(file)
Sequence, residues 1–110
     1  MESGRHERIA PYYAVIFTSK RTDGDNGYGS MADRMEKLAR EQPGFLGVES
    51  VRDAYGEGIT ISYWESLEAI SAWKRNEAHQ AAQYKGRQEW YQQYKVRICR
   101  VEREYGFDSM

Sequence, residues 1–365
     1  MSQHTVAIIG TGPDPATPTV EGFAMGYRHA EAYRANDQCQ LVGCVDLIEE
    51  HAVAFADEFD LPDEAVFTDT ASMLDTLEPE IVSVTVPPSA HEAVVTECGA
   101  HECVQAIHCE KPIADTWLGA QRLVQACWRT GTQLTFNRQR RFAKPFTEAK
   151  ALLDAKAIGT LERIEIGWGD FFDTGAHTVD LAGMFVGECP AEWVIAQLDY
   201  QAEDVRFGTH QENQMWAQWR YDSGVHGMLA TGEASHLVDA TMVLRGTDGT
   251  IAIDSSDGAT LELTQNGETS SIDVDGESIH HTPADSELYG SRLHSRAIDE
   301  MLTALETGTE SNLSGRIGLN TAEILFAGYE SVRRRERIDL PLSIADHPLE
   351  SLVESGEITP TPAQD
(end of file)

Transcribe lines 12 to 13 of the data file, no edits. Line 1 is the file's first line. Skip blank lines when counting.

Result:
   301  MLTALETGTE SNLSGRIGLN TAEILFAGYE SVRRRERIDL PLSIADHPLE
   351  SLVESGEITP TPAQD